The 40km/h speed limit in school zones helps to protect children on their way to and from school. The lower speed limit reduces the risk and potential severity of a crash. School zone signs, dragon’s teeth road markings and flashing lights improve the visibility and driver awareness of school zones.
Drive under the school zone speed limit when school zones are active. Increased fines and demerit points apply for certain school zone offences. Illegal use of mobile phones and speeding are among those included in double demerit periods. See more on fines and demerit point offences.
School zone days
School zone days include school development days (or pupil-free days), as some students may still attend school on these days.
Notified school days
Term 1 – Eastern Division NSW
Tuesday 30 January to Friday 12 April (inclusive)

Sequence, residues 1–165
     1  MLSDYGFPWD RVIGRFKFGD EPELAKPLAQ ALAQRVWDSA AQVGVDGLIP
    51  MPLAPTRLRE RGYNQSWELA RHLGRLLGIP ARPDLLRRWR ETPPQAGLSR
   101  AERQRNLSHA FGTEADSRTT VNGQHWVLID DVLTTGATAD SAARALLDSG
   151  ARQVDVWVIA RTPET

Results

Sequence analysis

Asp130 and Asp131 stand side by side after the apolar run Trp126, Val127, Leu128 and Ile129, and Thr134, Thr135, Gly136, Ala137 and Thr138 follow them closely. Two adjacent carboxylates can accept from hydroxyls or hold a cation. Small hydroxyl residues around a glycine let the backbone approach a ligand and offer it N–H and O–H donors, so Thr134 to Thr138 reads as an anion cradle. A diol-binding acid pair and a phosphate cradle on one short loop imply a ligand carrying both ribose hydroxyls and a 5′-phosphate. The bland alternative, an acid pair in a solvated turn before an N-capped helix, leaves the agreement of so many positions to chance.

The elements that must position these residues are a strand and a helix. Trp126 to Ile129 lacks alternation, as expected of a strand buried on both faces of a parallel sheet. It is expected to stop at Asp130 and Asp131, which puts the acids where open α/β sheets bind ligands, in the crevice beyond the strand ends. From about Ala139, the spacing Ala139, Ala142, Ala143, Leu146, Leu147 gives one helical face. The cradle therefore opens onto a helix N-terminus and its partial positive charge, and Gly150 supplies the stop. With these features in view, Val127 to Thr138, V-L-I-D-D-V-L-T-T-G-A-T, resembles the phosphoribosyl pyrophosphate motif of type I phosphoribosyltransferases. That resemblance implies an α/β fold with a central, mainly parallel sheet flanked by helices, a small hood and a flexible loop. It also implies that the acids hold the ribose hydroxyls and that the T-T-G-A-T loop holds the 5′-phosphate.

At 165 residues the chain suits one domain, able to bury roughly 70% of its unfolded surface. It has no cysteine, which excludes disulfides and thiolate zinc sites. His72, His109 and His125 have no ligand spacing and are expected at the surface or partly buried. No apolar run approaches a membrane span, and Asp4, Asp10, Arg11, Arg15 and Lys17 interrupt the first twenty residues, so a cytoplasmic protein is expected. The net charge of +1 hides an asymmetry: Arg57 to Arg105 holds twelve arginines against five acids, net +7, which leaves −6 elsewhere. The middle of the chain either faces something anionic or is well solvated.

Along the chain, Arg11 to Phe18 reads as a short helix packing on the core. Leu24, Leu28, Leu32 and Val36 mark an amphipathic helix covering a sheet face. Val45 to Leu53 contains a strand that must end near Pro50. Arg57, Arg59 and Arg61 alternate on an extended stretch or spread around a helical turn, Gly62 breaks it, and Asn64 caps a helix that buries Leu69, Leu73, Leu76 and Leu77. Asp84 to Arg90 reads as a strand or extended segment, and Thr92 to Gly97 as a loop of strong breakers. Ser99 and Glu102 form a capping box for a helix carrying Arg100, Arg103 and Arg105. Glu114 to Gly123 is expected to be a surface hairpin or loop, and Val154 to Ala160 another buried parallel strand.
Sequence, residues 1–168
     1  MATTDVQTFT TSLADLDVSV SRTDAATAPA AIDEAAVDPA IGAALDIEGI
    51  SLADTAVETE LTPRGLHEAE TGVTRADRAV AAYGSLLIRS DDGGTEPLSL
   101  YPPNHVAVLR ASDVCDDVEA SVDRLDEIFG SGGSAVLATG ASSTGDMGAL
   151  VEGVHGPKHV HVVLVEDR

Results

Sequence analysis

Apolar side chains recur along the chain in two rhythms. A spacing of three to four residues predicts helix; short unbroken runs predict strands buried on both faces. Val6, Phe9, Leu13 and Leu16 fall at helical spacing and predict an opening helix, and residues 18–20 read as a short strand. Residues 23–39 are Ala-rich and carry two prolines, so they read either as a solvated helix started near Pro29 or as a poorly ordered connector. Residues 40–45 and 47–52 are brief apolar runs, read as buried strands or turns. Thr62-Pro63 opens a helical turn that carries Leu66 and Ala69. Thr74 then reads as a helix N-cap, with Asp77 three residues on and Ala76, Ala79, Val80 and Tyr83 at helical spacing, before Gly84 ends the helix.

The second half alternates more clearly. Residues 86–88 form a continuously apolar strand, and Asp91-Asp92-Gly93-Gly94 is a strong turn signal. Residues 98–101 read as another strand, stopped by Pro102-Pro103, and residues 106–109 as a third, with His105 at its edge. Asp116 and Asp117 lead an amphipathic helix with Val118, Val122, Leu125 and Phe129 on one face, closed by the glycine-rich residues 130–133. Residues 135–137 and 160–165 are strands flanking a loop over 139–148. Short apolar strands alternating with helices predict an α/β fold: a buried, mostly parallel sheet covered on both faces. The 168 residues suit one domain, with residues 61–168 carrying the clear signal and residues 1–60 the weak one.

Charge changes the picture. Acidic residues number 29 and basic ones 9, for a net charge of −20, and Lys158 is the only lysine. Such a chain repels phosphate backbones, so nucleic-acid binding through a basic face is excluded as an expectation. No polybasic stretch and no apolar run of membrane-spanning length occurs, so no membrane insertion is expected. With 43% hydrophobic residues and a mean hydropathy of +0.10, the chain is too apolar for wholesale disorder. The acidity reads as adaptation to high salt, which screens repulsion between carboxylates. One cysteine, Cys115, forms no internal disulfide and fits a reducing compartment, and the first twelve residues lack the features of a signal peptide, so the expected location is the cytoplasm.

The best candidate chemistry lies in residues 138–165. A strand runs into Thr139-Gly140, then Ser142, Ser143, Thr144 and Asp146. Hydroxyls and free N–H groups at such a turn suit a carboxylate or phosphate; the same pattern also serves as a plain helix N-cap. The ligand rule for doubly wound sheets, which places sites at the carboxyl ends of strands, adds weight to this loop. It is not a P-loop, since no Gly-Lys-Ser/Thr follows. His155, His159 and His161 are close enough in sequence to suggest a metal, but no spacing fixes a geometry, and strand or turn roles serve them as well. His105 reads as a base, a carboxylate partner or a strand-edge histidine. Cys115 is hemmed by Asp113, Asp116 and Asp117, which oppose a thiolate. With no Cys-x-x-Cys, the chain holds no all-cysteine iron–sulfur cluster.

Term 1 – Western Division NSW
Tuesday 6 February to Friday 12 April (inclusive)
Term 2 (Eastern and Western Divisions NSW)
Monday 29 April to Friday 5 July (inclusive)
Term 3 (Eastern and Western Divisions NSW)
Monday 22 July to Friday 27 September (inclusive)
Term 4 (Eastern and Western Divisions NSW)
Monday 14 October to Friday 20 December (inclusive)
The NSW Department of Education website has more on school term dates.
School zone times
Most school zones operate 8–9.30am and 2.30–4pm. However, there are a few non-standard school zone times in NSW. You can identify these by the red or orange school zone signs which have the school zone times on them.
Every school zone in NSW has at least one school zone flashing light sign.
The NSW Government is installing High Pedestrian Activity Area (HPAA) speed zones of 30km/h to support the community and improve safety.
The Manly HPAA has several school zones within the 30km/h zones. These school zones also operate at 30km/h. To emphasise this, 30km/h orange school zone signs and road markings are there to alert you.
For more information
School Crossing Supervisors across NSW play an important role in keeping children safe around schools.
Transport for NSW, local councils, NSW police, school principals and school communities work together to manage safety around schools.